08-Feb-2004 -- The Nebraska Sand Hills are an enormous grass-covered region encompassing 61,100 square kilometers, about the size of the state of West Virginia. Its small lakes provide important habitat and staging for many species of water birds, including sandhill cranes, swans, ducks, and grebes. Its distinct grasses, particularly sand bluestem, can survive in sandy soil. The major animal species here, bison, have been displaced by cattle. It was, therefore, a special treat for me, Joseph Kerski, Geographer from Colorado USA, to visit 42 North 101 West in the midst of this unique ecosystem. On a midwinter's day in 2004, I was heading back to Colorado after conducting a series of geographic information Systems (GIS) and GPS workshops in North Dakota and South Dakota for tribal governments and for teachers. What better way to follow up these workshops than with a field trip to a confluence in a sandy, unique part of the world?
The confluence trek allowed me to travel on one of my all-time favorite highways--Nebraska State Highway 97 southwest from Valentine. This road winds through the sand hills, past the McKelvie National Forest and the Valentine National Wildlife refuge. On its 190 kilometers to Mullen, I passed no towns, no stores, and five vehicles. Once in Mullen, I drove by the relatively new Sand Hills Community Church and then 8 kilometers south to an unnamed east-west county road. I took this one-lane road to the east. I made way for a truck to pass me in the opposite direction with two occupants. I saw no other persons during my visit. The population density here is extremely low, as the Nebraska Sand Hills are some of the least populated areas of the continental United States. Many of the county seats in this region are not even incorporated cities. Hooker County, the county in which the confluence is located, decreased in population from 1,378 in 1920 to 783 in 2000. After passing one of the longest planted stretches of spruce trees I had seen in the sand hills, about 2 kilometers long, I stopped the vehicle east of a driveway that led to the south.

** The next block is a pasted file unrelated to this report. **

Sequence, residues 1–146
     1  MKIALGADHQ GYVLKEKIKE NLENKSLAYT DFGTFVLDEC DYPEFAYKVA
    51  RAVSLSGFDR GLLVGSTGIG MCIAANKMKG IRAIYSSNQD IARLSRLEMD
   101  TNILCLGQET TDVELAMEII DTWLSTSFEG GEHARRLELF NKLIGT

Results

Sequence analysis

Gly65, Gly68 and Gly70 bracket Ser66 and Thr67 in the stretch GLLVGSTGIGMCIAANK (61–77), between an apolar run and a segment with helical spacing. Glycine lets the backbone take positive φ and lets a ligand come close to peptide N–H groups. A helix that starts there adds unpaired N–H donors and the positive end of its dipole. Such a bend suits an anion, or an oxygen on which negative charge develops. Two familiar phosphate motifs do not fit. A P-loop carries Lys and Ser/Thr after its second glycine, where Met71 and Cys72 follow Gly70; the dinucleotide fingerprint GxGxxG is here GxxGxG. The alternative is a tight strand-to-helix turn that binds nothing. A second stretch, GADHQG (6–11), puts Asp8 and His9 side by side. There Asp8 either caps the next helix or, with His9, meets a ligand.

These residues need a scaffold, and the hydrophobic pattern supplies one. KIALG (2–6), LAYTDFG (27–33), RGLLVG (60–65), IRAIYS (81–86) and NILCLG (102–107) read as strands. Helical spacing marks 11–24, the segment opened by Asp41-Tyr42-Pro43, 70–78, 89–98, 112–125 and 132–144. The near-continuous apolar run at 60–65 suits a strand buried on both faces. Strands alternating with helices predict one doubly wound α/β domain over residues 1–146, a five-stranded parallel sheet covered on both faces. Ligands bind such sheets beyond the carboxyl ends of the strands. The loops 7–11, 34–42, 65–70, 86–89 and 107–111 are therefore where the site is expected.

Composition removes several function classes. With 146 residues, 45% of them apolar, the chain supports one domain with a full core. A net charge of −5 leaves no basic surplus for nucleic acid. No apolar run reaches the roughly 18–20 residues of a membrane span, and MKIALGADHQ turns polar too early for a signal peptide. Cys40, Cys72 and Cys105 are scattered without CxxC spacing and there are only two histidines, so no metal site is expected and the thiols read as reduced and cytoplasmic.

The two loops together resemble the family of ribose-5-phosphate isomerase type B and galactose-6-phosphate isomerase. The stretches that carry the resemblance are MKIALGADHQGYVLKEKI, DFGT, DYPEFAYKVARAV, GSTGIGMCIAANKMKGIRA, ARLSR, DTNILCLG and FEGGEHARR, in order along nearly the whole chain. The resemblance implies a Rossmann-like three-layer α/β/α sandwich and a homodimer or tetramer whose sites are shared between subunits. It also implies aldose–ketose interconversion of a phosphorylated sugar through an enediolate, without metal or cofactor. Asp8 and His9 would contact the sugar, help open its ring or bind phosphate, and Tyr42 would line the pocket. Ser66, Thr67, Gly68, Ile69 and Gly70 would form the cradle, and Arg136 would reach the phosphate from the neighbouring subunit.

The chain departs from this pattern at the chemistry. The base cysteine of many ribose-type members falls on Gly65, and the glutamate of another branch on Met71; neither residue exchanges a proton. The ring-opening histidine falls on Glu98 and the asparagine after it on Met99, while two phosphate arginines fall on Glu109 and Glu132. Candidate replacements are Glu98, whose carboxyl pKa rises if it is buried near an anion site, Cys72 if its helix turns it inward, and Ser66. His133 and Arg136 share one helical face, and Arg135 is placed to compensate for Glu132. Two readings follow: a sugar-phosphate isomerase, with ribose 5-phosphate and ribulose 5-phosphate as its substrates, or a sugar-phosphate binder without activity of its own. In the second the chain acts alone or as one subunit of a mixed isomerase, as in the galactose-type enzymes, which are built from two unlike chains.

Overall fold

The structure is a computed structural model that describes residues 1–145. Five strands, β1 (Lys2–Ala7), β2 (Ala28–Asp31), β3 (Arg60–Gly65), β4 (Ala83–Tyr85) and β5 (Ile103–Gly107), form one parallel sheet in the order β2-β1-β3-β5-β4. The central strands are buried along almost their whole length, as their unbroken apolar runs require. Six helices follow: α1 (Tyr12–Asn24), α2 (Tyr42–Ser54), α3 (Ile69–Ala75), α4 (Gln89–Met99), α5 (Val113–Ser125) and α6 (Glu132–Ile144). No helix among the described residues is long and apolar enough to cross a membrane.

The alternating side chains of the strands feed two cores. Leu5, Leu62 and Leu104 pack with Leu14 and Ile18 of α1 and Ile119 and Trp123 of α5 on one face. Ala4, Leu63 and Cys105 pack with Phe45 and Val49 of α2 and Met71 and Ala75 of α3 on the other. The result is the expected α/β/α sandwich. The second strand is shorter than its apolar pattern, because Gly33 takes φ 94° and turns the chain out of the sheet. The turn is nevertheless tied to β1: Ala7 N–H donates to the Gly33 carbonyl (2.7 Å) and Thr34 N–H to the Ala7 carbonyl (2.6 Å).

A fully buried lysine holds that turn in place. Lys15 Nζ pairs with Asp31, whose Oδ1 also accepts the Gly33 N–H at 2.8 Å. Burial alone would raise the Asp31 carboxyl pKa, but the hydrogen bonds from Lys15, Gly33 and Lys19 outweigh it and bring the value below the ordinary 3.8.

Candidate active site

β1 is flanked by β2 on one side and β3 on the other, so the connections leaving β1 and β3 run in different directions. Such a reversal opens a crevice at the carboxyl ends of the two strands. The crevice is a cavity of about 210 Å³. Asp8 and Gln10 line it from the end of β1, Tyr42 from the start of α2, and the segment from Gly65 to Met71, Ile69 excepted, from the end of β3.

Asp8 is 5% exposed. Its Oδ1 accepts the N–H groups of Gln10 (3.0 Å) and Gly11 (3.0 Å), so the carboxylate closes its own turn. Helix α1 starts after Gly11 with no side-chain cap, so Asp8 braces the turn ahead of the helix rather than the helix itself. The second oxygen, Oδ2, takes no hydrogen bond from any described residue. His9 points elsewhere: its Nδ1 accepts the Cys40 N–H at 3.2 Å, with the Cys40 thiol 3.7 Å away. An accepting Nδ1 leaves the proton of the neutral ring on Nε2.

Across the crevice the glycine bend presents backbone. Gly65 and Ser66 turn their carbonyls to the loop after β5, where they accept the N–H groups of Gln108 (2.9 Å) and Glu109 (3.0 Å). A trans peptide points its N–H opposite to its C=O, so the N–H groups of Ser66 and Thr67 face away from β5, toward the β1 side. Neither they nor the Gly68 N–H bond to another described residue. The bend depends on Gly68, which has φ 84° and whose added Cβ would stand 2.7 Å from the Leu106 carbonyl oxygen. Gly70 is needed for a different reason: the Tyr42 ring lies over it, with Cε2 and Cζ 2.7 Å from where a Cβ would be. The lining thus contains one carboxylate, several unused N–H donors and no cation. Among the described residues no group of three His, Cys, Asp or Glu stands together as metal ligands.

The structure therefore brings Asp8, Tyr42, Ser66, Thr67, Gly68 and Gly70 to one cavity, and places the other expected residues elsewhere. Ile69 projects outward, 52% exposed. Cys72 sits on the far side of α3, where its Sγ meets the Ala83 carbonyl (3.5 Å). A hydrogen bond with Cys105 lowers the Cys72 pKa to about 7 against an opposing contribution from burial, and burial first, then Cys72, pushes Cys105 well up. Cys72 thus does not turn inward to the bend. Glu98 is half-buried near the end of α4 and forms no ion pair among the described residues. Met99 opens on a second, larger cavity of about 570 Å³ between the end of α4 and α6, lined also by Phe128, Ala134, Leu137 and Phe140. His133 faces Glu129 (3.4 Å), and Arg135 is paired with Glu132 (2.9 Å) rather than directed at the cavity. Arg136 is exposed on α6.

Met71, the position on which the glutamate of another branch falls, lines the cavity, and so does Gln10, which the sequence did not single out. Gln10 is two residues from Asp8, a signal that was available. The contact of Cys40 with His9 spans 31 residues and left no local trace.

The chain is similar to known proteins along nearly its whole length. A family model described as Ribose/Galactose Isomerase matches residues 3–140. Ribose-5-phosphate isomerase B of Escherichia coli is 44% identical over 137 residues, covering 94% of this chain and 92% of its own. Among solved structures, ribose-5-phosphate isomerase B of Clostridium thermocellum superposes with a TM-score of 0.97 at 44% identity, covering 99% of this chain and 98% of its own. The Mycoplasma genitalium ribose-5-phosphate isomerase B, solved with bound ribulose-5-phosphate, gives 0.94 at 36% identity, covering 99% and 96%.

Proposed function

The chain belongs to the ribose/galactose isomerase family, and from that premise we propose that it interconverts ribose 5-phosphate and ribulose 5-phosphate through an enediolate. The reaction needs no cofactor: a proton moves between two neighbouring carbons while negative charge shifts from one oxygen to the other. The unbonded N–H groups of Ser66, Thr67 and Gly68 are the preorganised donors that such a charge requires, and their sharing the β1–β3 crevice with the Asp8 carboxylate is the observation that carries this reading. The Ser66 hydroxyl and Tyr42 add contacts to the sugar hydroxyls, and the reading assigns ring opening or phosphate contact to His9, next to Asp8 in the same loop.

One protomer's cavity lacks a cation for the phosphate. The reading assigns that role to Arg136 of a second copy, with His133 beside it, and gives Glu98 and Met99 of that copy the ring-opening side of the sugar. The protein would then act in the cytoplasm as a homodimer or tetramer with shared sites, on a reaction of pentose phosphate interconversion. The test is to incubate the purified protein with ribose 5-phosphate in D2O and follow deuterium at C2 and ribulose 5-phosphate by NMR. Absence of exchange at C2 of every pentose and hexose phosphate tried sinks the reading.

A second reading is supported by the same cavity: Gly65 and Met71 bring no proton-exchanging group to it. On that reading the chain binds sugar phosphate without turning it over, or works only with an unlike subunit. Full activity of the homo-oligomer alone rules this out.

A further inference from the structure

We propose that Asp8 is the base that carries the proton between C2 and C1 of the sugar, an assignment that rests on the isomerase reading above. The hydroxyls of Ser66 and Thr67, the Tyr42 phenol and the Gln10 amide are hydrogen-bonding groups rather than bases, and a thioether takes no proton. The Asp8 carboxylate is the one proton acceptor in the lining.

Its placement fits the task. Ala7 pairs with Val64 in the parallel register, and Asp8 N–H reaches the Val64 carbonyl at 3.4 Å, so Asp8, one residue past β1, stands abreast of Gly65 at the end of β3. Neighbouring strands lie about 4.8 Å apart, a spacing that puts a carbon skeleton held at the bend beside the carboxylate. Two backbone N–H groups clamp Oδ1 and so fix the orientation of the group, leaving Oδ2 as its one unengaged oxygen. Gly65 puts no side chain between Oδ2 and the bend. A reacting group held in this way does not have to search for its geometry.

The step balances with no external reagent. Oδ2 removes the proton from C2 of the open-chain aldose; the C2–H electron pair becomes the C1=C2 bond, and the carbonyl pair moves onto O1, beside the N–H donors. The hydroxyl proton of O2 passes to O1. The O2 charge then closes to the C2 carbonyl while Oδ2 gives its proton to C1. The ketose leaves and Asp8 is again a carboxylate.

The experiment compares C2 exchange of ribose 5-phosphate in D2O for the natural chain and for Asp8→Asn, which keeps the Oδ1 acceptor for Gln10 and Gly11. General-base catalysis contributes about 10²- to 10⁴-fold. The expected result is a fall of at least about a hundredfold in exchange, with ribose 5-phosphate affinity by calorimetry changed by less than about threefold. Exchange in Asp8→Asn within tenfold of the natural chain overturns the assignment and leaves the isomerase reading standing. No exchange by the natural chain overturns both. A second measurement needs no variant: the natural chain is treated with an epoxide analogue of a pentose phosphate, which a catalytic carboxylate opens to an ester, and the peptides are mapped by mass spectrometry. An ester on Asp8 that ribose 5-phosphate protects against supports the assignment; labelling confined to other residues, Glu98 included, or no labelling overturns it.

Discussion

I took precautions against the weather, as the wind blew about 20 km/hr and the temperature was -2 degrees C. However, this felt tropical after my previous visits to confluences in North and South Dakota earlier in the month. I climbed over two barbed wire fences on my 20 minute walk to the south, rising and falling on the sand hills. The snow depth averaged 15cm, although it drifted up to my knees in places. The lack of trees made it easy to zero out the GPS unit, and I arrived at the site just after 1030am local time. The confluence lies on ground that slopes about 10 degrees to the west, in a grazed field that probably at one time had been cultivated. The farthest horizon I could see was about 20 km away due to the darkening, snow-filled skies, with the farthest view to the northwest. Several buildings were off to the northwest, near the large planting of spruce trees, but they appeared to be only occupied seasonally. I spent about 30 minutes at the site, enjoying the wide open spaces and the sand hills.
I took a different walk back to the north, bending to the east to pass by a windmill. I arrived back at the vehicle at 1110am. Once there, I was stared at by two horses, one of which looked like the horse encountered by the previous confluence visitor. I drove west and then south on Nebraska Highway 97 to Tryon. I then encountered a ferocious but fascinating ground blizzard that shrouded the hills as I drove to the west, toward Arthur, Nebraska.